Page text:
Republicans continue to face a tidal wave of support for Democrats heading into the midterm elections later this year. Now, however, they will have at least one less provision on their side in their efforts to tamp down on the Democratic surge.
This week, U.S. District Judge Mark Walker overturned a 2014 decision by Florida Secretary of State Ken Detzner to ban early voting on college campuses. The state’s early voting statute did not explicitly address college campuses ahead of Detzner’s original decision.
In response to the move, Walker wrote:
‘Throwing up roadblocks in front of younger voters does not remotely serve the public interest. Abridging voter rights never does.’
He delivered his ruling in response to a lawsuit brought by some college students and the League of Women Voters in May. He did not require college buildings to be used as early voting sites; instead, he simply demanded that campuses be available as an option if local election officials deem them appropriate to use.
The League of Women Voters was understandably pleased with the ruling. The organization’s president Patricia Brigham commented:
‘The court ruling demonstrates that making it easier for our students to vote truly matters… With this decision, we have an affirmation that making early voting accessible to all is part of a true democracy.’
GOP Florida Governor Rick Scott’s office simply said that they were reviewing the decision. Detzner still serves as Florida’s Secretary of State, originally assuming his position following confirmation by the Florida state Senate in 2012.
Detzner has led assaults on voter rights outside of the case of early voting on college campuses. In 2012, the Justice Department demanded he stop state efforts to purge their voter rolls of individuals they suspected weren’t U.S. citizens that had left actual U.S. citizens caught up in the culling. Hispanics, Democrats, and individuals with no party affiliation were tagged the most often in Florida’s efforts to find noncitizens who were registered to vote.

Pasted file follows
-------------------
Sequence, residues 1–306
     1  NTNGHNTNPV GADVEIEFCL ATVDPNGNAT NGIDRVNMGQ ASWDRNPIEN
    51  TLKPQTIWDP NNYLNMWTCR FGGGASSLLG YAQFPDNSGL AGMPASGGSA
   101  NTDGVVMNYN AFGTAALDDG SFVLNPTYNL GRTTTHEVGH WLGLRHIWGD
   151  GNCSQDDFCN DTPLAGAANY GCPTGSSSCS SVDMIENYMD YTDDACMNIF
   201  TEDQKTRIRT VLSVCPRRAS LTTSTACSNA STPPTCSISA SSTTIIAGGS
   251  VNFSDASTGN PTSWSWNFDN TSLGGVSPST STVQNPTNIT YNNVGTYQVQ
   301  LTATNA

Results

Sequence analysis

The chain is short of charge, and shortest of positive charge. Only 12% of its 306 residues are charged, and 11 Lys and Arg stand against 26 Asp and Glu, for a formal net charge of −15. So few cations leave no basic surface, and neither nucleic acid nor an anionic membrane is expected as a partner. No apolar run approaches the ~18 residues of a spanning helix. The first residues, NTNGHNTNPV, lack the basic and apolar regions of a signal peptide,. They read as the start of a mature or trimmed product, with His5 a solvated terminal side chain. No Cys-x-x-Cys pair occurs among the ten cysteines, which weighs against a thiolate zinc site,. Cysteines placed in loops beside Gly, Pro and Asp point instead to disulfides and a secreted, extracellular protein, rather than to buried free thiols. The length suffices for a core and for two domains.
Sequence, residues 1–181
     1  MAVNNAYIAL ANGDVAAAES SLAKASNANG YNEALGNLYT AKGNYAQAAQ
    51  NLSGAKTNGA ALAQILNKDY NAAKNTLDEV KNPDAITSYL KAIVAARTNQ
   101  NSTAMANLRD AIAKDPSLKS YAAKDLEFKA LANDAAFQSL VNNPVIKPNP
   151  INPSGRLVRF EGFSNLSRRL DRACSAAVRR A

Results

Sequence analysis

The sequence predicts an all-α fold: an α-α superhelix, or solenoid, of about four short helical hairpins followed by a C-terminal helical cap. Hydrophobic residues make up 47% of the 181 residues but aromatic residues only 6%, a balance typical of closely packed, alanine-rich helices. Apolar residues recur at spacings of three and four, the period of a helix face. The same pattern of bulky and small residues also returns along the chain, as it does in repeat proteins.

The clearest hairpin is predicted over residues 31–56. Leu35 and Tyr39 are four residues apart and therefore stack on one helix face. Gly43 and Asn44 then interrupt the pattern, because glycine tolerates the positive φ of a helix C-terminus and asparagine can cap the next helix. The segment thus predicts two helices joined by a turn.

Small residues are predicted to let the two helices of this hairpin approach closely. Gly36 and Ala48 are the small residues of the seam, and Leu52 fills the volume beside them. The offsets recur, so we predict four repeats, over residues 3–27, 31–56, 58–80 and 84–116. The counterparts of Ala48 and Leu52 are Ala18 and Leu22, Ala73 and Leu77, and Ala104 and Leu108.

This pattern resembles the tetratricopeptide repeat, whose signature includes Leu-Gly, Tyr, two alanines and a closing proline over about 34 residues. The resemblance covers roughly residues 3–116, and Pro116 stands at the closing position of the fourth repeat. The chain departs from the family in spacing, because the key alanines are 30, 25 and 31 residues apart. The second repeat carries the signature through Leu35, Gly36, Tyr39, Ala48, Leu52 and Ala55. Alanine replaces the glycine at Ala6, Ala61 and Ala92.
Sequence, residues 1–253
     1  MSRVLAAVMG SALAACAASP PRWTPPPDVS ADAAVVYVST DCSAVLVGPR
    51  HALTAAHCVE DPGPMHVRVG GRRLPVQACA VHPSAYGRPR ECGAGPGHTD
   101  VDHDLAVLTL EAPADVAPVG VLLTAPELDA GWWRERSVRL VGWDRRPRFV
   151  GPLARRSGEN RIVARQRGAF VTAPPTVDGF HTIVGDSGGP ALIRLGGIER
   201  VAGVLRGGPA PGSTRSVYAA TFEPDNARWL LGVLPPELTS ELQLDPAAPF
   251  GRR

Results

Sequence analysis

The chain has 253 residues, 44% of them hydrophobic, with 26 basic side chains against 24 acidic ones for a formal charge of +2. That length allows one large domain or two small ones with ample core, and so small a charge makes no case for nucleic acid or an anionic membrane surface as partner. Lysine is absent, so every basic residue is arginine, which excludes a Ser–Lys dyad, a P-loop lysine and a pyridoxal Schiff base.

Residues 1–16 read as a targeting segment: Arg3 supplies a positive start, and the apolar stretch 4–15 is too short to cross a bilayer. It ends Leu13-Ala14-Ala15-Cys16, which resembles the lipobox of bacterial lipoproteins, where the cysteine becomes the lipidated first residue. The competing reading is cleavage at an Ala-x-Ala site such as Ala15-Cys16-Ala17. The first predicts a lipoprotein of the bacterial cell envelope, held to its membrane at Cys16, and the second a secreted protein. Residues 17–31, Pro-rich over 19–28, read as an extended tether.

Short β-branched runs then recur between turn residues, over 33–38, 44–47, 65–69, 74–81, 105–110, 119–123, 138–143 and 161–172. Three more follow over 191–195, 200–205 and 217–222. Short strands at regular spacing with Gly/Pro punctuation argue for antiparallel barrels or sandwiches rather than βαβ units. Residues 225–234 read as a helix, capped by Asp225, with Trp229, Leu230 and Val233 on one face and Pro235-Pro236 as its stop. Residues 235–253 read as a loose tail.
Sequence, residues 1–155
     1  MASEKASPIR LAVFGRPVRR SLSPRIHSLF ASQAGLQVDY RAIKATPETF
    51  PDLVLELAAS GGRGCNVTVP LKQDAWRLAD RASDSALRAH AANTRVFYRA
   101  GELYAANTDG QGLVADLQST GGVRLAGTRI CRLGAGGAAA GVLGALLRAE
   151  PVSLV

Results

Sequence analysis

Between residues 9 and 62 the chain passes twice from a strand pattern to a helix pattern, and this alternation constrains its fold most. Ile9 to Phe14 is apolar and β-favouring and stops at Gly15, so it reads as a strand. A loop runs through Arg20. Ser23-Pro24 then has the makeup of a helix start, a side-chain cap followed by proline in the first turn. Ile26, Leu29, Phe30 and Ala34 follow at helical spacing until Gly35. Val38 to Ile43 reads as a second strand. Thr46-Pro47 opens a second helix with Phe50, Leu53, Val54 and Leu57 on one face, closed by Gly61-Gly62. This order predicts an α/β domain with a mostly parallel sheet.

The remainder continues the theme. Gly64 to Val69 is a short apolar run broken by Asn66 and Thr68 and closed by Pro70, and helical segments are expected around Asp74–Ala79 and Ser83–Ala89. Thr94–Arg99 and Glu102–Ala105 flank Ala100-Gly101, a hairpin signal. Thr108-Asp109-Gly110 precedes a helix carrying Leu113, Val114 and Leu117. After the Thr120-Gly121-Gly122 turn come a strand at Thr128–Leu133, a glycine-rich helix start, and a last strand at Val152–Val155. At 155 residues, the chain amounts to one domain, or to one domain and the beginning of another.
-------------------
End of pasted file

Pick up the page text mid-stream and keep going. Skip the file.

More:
These efforts to disenfranchise possible voters have consequences. In 2016, Donald Trump won Michigan by only about 11,000 votes. Were that situation to have unfolded in Florida, college students with tight schedules who only had a chance to vote early could have changed the outcome. The University of Florida — the original subject of Detzner’s restrictive decision — has tens of thousands of students enrolled, and even more students attend classes at the University of Central Florida.
Trump also won Wisconsin, which had restrictive voter ID laws in place during the 2016 election, by a slim margin. He finished with fewer than 30,000 votes more than Democratic challenger Hillary Clinton.
Judge Walker’s new ruling is the only the latest to undercut Republican efforts to slant the electoral process in their favor. Earlier this year, the judiciary ruled that Pennsylvania must institute a new Congressional district map, throwing out the old one as illegally meant to favor the GOP. Democrats could take several U.S. House seats just in Pennsylvania this fall, helping them be well on their way to the couple dozen they need to take back control of the body.
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